RBR CELEBRATES WEEK OF RESPECT

weekofrespRBR freshman Creative Writing Majors performed inspiring works at student classes during the Week of Respect activities.  Pictured above are (left to right) Madison Zeller, Shrewsbury, Grace Cody, Shrewsbury, Corey Van Huff, Neptune City, Emma Wright, Little Silver, and Anthony Jimenez Hernandez, Red Bank.

Press release from Red Bank Regional High School

On October 7 through 11, Red Bank Regional High School celebrated the state-mandated Week of Respect with inspiring poetry, songs, and outreach. In a statement, RBR Principal Risa Clay remarked, “Although the state requires that all schools set aside a week in October to celebrate respect, it is important to remember that our school community practices these values all year long.”

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A FULL SLATE OF WEEKEND DIVERSIONS

Bill Normyle leads a Red Bank Ghost Tour in 2010. See below for details of the current edition.

A quick rundown of things to do this weekend…

FRIDAY, OCTOBER 19
Heads Up for 180

October is the time for women’s awareness issues; breast cancer and domestic violence share the month. At 180 Turning Lives Around, volunteers hope to give purple its due in the midst of so much pink.

“Purple is the color that signifies the bruises and shame that come from abuse inflicted by someone that you love and trust,” said Barbara Lovell-Napoli, assistant director of development at 180. Monmouth County has the second-highest incidence of domestic violence in New Jersey, Lovell-Napoli said, and the most effective tool for prevention is awareness.

Each year, former clients put on a gallery show based on 180’s art therapy program. For 2012, it’s called “Heads Up!” and opens tonight at U Gallery. On display through October 24 a will be artwork from survivors and artists who support 180’s mission.

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DOIN’ GOOD, IN DOLDRUM DAYS

beatlemania1Alan LeBouef (at right, as Paul) leads the Stars of BEATLEMANIA in a fab fundraiser for the Red Bank Rotary Club, at Two River Theater.

Done2In case you haven’t noticed, it’s the January Doldrums for sure. And with most of us variously tapped out, snowed in or plowed under, the conventional wisdom holds that you  simply don’t schedule much of anything in the way of fundraiser events here in the season of slush.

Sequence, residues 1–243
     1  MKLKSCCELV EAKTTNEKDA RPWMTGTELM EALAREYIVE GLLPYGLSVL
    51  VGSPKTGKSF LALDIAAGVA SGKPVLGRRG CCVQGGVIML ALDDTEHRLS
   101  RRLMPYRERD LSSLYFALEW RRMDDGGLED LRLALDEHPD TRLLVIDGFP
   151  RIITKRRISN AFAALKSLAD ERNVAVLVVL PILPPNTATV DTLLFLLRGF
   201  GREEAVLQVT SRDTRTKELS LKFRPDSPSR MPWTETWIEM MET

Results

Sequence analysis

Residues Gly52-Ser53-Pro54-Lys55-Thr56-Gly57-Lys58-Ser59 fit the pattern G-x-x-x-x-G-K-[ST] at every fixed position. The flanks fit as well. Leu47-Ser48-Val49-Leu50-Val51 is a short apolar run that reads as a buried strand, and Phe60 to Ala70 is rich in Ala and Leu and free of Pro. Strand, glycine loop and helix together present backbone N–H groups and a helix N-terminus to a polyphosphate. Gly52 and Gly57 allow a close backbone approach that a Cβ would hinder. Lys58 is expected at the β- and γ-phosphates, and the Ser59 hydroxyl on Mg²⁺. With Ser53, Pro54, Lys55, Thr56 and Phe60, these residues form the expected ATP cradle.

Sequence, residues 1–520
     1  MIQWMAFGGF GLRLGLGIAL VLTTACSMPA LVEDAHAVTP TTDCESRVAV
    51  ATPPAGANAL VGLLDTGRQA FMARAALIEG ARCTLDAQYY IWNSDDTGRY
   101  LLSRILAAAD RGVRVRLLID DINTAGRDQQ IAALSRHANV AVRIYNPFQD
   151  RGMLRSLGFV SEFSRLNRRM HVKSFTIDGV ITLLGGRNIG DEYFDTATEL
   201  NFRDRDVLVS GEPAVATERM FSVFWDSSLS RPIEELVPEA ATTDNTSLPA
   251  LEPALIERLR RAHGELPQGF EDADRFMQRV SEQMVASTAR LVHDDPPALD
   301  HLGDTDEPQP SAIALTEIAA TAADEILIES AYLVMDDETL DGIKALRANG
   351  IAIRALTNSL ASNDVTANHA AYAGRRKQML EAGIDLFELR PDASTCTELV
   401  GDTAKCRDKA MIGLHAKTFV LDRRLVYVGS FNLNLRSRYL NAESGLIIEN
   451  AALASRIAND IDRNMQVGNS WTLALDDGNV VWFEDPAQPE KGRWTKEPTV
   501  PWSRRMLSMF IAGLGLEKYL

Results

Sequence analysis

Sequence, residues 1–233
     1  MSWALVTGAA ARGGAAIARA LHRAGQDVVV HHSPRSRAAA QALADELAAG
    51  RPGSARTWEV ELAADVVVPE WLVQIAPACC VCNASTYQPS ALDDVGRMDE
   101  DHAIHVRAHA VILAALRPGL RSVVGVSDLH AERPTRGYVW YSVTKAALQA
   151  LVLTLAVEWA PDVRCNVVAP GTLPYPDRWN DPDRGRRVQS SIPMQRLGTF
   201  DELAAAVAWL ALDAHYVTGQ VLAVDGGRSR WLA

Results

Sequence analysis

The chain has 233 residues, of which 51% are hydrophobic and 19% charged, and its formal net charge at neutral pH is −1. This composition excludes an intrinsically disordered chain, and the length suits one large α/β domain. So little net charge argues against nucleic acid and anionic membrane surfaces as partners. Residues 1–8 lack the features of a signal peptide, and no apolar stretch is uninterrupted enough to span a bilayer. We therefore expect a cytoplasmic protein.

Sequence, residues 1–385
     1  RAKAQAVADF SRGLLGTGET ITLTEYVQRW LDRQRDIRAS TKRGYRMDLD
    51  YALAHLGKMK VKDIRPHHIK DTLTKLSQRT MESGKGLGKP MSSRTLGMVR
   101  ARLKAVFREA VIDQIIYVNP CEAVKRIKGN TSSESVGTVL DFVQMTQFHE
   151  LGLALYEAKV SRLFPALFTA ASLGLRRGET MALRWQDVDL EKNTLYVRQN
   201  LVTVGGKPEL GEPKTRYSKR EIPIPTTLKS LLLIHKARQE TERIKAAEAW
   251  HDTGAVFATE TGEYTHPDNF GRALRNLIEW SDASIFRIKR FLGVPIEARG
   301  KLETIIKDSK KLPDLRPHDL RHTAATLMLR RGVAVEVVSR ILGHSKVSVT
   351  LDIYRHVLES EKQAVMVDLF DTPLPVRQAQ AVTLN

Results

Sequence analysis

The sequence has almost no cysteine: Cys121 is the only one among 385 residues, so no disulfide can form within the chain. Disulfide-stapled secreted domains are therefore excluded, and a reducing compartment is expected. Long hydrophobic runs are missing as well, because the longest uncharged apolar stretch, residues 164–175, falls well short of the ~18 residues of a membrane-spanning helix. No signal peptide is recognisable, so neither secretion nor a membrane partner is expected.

That said, a handful of brave businesspeople and nonprofits are apparently ignoring the memo, offering a variety of constructive reasons to venture gingerly down the sidewalk and out of the house — and maybe just maybe do a little bit of the Done Good deed in the process.

A roundup of suggested January jaunts follows forthwith.

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DONE GOOD: TURKEY-TIME POTS AND TROTS

holiday-express-1A packed-greenhouse crowd at Sickles Market raised $72,500 last Friday night for Holiday Express, the rolling musical extravaganza that brings good cheer this time of year to 50 or so audiences. (Photo by Peter Lindner. Click to enlarge)

Done2A great American (Patrick Henry? Paul Bunyan? Leo Gorcey?) once observed, “They also Done Good, who stand and wait.” And as most of us wait here in the all-clear zone between the chaos of Halloweelection Day and the holiday hyperdrive heralded by Black Friday, we remind you that November continues to offer more than a few ways in which to Do Good.

It could be as easy as contributing a couple of bucks or some nonperishable items to any of the many food banks that operate year-round on the greater Red Bank green. A donation to an area toy drive. Or a helping hand for your neighborhood school, church and youth organization to help others, simply by attending (and having a blast at) one of the fun events scheduled for the days and weeks to come.

We’ve got a few recommendations right around the corner, so pass the candied yams and dig on in.

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